|Date of Birth||9 May 1904, Helensburgh, Scotland, UK|
|Date of Death||22 June 1983, London, England, UK|
Mini Bio (1)
Scottish-born David MacDonald got his training in the industry in the US under celebrated producer/director Cecil B. DeMille, who hired him in 1929 as a production assistant. MacDonald returned to Britain in 1936 after his apprenticeship with DeMille and secured a job as a director on what were called "quota quickies", films that were made quickly and cheaply to fulfill a British government requirement that a certain percentage of films shown in British theaters had to be made by British companies.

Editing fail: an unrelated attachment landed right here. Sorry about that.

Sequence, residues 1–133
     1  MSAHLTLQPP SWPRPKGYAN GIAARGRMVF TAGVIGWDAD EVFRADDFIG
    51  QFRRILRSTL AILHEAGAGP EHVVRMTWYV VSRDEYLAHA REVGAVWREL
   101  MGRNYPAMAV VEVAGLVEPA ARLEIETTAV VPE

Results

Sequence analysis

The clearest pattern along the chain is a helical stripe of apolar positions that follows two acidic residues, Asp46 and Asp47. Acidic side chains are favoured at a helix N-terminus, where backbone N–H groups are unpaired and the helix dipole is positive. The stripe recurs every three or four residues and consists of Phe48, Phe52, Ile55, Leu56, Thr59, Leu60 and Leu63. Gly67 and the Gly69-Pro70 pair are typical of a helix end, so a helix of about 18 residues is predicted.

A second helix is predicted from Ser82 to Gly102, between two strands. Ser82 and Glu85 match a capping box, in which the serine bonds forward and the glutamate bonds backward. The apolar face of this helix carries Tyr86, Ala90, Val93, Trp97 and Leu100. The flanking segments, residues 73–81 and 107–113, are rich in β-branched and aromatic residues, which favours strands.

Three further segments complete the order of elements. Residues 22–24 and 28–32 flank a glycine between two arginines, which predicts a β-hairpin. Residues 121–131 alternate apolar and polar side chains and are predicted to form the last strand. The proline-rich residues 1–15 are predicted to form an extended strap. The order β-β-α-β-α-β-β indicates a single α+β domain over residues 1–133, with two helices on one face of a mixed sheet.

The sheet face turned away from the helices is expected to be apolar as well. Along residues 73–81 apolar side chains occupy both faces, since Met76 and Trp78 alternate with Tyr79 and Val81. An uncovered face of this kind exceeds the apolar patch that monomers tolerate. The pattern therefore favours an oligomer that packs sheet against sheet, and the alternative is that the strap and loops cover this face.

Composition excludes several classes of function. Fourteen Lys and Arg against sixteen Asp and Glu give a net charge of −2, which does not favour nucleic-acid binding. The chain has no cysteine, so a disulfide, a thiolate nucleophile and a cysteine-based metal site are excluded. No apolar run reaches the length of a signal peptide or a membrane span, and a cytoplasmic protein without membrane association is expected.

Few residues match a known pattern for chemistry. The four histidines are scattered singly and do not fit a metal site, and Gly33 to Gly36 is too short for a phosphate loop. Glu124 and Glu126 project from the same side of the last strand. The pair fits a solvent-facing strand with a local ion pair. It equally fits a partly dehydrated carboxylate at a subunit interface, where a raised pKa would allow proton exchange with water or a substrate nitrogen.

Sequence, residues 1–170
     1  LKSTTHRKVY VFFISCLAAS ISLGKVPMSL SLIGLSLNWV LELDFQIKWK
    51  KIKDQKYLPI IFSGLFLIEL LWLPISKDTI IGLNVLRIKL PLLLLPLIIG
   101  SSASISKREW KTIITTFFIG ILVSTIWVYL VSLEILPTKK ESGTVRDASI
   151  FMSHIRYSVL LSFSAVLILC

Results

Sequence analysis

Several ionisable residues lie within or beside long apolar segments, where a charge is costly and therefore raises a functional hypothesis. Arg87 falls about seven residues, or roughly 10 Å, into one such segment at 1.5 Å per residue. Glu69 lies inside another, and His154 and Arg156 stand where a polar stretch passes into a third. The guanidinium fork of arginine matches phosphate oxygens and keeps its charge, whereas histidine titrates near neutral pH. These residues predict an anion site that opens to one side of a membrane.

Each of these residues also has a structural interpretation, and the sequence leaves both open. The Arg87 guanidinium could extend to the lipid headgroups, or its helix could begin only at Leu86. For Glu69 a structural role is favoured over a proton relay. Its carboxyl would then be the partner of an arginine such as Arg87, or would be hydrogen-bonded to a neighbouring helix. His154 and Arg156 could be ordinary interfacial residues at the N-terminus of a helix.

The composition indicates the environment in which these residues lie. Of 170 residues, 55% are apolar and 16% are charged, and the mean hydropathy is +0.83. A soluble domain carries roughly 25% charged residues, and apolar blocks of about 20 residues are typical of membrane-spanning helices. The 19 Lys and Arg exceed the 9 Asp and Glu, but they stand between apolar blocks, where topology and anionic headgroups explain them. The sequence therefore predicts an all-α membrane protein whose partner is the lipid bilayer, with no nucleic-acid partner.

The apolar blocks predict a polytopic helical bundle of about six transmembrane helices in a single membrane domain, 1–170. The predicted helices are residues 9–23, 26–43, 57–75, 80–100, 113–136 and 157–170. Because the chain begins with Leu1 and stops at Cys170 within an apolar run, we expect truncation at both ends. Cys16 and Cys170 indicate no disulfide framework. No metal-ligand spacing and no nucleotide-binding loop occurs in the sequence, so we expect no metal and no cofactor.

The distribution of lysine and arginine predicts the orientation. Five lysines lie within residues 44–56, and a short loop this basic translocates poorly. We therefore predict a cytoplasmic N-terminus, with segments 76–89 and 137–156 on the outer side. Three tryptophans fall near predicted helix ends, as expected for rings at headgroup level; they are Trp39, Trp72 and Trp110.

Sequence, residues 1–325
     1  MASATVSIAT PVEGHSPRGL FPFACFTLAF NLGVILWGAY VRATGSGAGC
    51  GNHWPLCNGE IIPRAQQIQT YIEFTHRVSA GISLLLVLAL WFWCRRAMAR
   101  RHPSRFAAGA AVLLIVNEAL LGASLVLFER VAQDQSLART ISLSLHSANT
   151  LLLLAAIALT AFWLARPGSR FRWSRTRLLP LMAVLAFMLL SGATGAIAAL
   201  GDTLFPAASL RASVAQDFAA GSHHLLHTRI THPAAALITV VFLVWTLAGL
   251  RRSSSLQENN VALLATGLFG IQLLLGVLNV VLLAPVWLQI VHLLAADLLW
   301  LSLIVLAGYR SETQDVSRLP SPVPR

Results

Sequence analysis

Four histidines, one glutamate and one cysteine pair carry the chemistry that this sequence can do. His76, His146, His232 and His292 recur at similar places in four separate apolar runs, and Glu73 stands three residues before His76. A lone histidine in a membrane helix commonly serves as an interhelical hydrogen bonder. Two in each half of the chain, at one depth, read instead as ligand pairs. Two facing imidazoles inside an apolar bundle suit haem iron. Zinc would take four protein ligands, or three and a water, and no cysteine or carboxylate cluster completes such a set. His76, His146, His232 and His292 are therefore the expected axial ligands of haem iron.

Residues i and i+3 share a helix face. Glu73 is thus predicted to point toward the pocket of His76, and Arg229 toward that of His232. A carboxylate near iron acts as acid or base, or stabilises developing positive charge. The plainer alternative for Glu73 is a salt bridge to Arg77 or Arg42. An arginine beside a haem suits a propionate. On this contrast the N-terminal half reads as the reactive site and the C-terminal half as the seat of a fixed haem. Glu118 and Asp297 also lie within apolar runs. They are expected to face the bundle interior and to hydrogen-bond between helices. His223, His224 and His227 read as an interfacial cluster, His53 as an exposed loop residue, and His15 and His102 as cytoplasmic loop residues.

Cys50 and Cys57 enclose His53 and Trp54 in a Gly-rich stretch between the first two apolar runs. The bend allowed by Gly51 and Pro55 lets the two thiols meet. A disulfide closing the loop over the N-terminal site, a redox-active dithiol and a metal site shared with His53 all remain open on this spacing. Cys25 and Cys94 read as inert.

He achieved some recognition when he made a series of comedies with Barry K. Barnes. During World War II MacDonald joined the Crown Film Unit and produced and directed a series of morale-building documentaries, including the critically acclaimed Men of the Lightship (1941), and produced two award-winning documentaries by director Roy Boulting--Desert Victory (1943) and Burma Victory (1946). His postwar career began well with the sharp thriller Snowbound (1948). Unfortunately, his next film, Christopher Columbus (1949), was a flop of monumental proportions, ridiculed by critics and audiences alike as leaden, talky and an "epic" that moved like molasses. The film was such a disaster that star Fredric March's career barely recovered from it, and MacDonald's didn't. He was reduced to "B" pictures for the rest of his career, turning out low-grade "thrillers" and limp comedies; his career low point was undoubtedly the notorious sci-fi stinker Devil Girl from Mars (1954). He spent most of the latter part of his career in television.
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